Kathleen and Joe, a Missouri Foxtrotter, live in Jackson, Mo. Kathleen got Joe in March 2005. At that time, he was a ”good” weight, just out of shape. He had brittle feet and a large, swollen sheath. As the pasture grasses started coming in, Joe began packing on the pounds, as did all the other horses.
By July, however, he was not only fat, he was getting ouchy when traveling over gravel. The top picture is of Joe about three weeks before a full-blown laminitis episode. It was impossible to really get him moving when being ridden, although no one suspected foot pain, a common scenario. Looking back, Kathleen said, ”His face in that first picture says it all.”
Kathleen now knows he had red flags of insulin resistance. ”Around here,” she said, ”we recognized 'pasture founder’ but not the cause.” In her area, the horsemen knew spring and fall grass were worries, but the reason was believed to be high protein, which is incorrect (see sidebar on myths).
”I only knew one person who owned a grazing muzzle, and I thought that was a very odd contraption,” said Kathleen. ”If your horse did founder, the rule was two flakes of hay a day until he gets over it, then, it’s back to pasture and put them up during the day in the spring and fall.”
By midsummer, Joe’s pasture mate was bigger than he was, despite the fact they were having a drought and the grass was so dry it crunched under foot. When the field began to look bare, the horses, still very fat, were moved to one that had more abundant, albeit still very dry, grass. Within 48 hours, Joe’s pasture mate had foundered.
Since the cause obviously couldn’t be the grass, Joe’s pasture mate’s obesity was blamed, and the horse was put into dry lot with only two flakes of hay to eat each day. He did lose weight, but he remained cresty, depressed and lethargic. His coat and skin health was poor. Despite having the lost weight, the horse had several more episodes of laminitis when he was put back onto the ”poor-quality” pasture. This was again treated by another few days in the dry lot, then back out again to repeat the cycle.
”Joe was gigantic by October,” said Kathleen. She put him on a dry lot with nothing to eat in the daytime and turned him out at night. She also put him on a magnesium supplement, as she read this might help. Joe did lose some weight and his crest diminished somewhat, but he was still far from a normal body condition and weight.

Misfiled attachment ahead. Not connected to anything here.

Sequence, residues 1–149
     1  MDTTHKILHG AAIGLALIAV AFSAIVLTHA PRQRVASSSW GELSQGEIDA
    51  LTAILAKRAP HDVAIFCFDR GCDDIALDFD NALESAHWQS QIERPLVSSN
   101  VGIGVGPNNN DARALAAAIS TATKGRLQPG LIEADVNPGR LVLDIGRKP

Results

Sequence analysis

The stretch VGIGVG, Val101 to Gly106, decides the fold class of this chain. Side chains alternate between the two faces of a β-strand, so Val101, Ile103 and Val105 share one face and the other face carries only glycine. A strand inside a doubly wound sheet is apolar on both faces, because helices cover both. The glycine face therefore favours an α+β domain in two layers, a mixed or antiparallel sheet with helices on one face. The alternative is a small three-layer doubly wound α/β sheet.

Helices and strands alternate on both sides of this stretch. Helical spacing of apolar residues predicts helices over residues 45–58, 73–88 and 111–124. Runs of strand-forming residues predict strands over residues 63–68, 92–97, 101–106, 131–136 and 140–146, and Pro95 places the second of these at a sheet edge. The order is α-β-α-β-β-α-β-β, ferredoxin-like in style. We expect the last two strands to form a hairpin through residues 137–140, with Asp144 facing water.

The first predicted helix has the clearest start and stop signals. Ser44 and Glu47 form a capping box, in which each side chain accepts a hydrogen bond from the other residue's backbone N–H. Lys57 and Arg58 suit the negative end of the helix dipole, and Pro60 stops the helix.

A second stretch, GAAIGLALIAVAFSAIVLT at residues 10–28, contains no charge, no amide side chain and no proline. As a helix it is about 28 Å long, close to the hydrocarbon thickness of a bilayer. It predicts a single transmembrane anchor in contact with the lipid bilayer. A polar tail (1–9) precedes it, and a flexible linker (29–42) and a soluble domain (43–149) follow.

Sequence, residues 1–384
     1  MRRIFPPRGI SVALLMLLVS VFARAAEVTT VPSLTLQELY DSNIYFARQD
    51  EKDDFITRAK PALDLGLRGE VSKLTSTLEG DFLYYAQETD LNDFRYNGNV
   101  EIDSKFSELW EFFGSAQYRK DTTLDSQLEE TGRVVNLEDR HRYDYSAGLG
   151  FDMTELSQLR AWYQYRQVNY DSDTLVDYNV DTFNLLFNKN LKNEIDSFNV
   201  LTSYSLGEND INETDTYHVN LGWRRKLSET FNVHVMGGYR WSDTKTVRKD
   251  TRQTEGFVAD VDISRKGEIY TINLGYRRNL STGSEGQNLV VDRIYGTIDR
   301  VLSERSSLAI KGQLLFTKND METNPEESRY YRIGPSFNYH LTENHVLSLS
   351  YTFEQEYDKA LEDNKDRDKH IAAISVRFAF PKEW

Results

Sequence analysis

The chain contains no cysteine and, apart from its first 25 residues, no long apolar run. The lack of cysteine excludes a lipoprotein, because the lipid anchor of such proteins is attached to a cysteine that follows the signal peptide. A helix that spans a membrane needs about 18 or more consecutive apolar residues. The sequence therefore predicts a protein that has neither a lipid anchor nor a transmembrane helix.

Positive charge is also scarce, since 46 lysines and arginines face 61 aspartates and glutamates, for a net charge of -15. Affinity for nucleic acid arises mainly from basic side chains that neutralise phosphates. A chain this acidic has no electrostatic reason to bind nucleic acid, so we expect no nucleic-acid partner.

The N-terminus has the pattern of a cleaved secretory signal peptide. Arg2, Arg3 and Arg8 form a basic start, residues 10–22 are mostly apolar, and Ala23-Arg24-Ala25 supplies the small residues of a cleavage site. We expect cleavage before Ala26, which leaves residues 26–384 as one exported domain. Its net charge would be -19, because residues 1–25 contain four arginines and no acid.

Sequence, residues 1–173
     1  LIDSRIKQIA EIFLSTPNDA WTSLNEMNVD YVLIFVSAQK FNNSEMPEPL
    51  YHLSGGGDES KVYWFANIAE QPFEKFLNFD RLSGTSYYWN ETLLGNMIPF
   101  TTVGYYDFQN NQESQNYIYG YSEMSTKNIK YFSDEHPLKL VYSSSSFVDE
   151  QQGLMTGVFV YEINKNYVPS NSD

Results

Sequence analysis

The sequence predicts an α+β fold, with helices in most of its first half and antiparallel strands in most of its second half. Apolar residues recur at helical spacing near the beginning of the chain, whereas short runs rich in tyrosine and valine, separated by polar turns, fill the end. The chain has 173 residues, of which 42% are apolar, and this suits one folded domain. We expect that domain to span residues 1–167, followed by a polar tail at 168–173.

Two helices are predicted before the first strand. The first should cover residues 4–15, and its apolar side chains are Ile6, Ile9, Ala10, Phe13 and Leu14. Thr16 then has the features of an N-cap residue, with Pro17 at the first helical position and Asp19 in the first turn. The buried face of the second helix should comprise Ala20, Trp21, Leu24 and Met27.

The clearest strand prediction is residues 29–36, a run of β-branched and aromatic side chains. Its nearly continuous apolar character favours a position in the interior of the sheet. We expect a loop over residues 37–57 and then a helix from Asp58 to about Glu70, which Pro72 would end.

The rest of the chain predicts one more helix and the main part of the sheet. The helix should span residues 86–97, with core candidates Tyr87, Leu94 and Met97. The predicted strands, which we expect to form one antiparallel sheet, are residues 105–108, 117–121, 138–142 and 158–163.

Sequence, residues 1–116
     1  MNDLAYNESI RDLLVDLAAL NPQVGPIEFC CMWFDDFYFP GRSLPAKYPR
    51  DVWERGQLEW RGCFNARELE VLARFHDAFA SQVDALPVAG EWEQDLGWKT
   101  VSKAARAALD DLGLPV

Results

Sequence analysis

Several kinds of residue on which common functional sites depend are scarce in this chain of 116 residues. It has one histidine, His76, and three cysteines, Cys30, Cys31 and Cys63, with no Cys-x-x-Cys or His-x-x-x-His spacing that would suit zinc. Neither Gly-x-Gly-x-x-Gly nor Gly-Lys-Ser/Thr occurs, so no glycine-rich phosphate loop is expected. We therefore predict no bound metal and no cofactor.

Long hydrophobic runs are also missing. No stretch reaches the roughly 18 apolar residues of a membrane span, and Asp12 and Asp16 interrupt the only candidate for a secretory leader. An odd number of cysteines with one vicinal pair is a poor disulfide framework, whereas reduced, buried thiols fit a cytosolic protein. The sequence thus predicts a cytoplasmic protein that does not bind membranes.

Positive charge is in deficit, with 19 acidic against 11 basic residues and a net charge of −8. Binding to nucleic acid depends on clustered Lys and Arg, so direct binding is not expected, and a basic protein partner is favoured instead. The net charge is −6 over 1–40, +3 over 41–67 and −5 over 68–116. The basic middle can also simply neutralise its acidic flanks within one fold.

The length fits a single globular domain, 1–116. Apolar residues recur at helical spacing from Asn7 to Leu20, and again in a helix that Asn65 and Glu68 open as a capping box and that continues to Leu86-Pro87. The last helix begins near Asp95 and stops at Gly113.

After the first hard freeze in December, Kathleen believed the grass was now completely safe, so Joe was turned out on pasture again. Within 48 hours, Joe had full-blown laminitis.
Kathleen had read some articles on equine insulin resistance and knew Joe fit the profile of an insulin-resistant horse. She had started the magnesium, but hesitated on the full program. ”It was so counter to everything I had ever been told about horses. Everyone I talked to was skeptical of the program. The concept of hay analysis and diet balancing was so foreign. How do you do that' Where do you buy minerals' How can you find out what they need'
”That’s actually biggest obstacle there is. You can read all about grass, insulin resistance and what you should and should not do, but until someone says, 'Do this, and send this HERE, buy this and get it HERE,’ it is simply too overwhelming, especially when your horse is down and you’re beating yourself over the head with a 2 x 4.”
Kathleen then remembered some articles a friend had sent on insulin resistance and a Yahoo group that was very knowledgeable (http://pets.groups.yahoo.com/group/EquineCushings/). ”That’s what saved Joe. I give all the credit to the folks on the list. I got him up on Styrofoam hoof pads, duct-taped to the bottom of his feet, stopped the bute, started soaking hay and feeding him the proper amount. In 48 hours, he was walking around like nothing happened.”
It took about a month to get her hay analyzed and get the correct minerals in place. Since Joe’s coffin bone had not rotated, he began to improve quickly once the real cause of his problems, insulin resistance, was addressed. ”In April, Joe lost all but the shoulder fat pads. The crest and orbital fat was gone, his coat was shiny. He looked good, even in his winter coat. I started driving him in March and noticed that he was moving better than he ever had since I owned him. He was brighter, more alert, as if he was years younger.”
Joe remains on an insulin-resistance diet, and Kathleen says most of her riding friends think he’s too thin, but she just smiles and nods. The look on his face in the after picture (bottom photo, page 15) says it all.
Kathleen had a lot to overcome to move forward with the insulin-resistance program. ”My vet, stubborn at first, didn’t appreciate the program or my persistence, and remained stubborn. I now have a new vet who passes out my flyer to his clients with insulin resistance, trying to get them on the program. Most just glaze over, but when people call, my husband or I will run out with the hay corer, show them how to fill out the analysis package, tell them where to buy cubes and beet pulp, explain why the 'shot-gun mineral’ approach doesn’t work.” (See also December 2006 issue for more information on insulin resistance.)